Clinical characteristics and survival in non-small cell lung cancer patients by smoking history: a population-based cohort study
Introduction: Approximately, 10–15% of lung cancer patients have never smoked. Previous epidemiological studies on non-tobacco associated lung cancer have been hampered by selected data from a small number of hospitals or limited numbers of patients. By use of data from large population-based registers with national coverage, this study aims to compare characteristics and survival of patients with non-small cell lung cancer (NSCLC) with different smoking histories.
Methods: Swedish national population-based registers were used to retrieve data on patients diagnosed with primary NSCLC between 2002 and 2016. The Kaplan–Meier method and Cox proportional hazard models were used to estimate overall survival and lung cancer-specific survival by smoking history.
Results: In total, 41,262 patients with NSCLC were included. Of those, 4624 (11%) had never smoked. Never-smokers were more often women and older compared to ever smokers (current and former). Adenocarcinoma was proportionally more common in never-smokers (77%) compared to current (52%) and former smokers (57%). Stage IV disease was more common in never-smokers (57%) than in current (48%) and former smokers (48%). Epidermal growth factor receptor mutation was observed more in never-smokers (37%) compared to current (5%) and former smokers (9%). Both lung cancer-specific and overall survival were higher for never-smokers compared to current smokers.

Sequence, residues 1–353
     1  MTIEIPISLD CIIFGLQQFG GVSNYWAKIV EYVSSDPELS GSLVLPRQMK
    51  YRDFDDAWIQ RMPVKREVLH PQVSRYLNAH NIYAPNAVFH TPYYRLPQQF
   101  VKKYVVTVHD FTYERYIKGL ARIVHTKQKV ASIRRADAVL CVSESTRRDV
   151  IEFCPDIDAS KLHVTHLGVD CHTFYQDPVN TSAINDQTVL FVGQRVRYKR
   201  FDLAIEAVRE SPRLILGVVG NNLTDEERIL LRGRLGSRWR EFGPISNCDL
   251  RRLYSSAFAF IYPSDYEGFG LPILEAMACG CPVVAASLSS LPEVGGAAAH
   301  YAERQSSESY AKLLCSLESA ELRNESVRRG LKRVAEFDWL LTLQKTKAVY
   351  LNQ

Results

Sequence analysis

Conclusions: The observed differences in characteristics between never-smokers and smokers, and the higher survival in never-smokers compared to smokers from this large population-based study provide further evidence that lung cancer in never-smokers is clinically different to tobacco-associated lung cancer. The findings from this study emphasise the need for an improved understanding of genetics, pathogenesis, mechanisms and progression of non-tobacco associated lung cancer that may help prevent lung cancer or identify individually targeted treatments.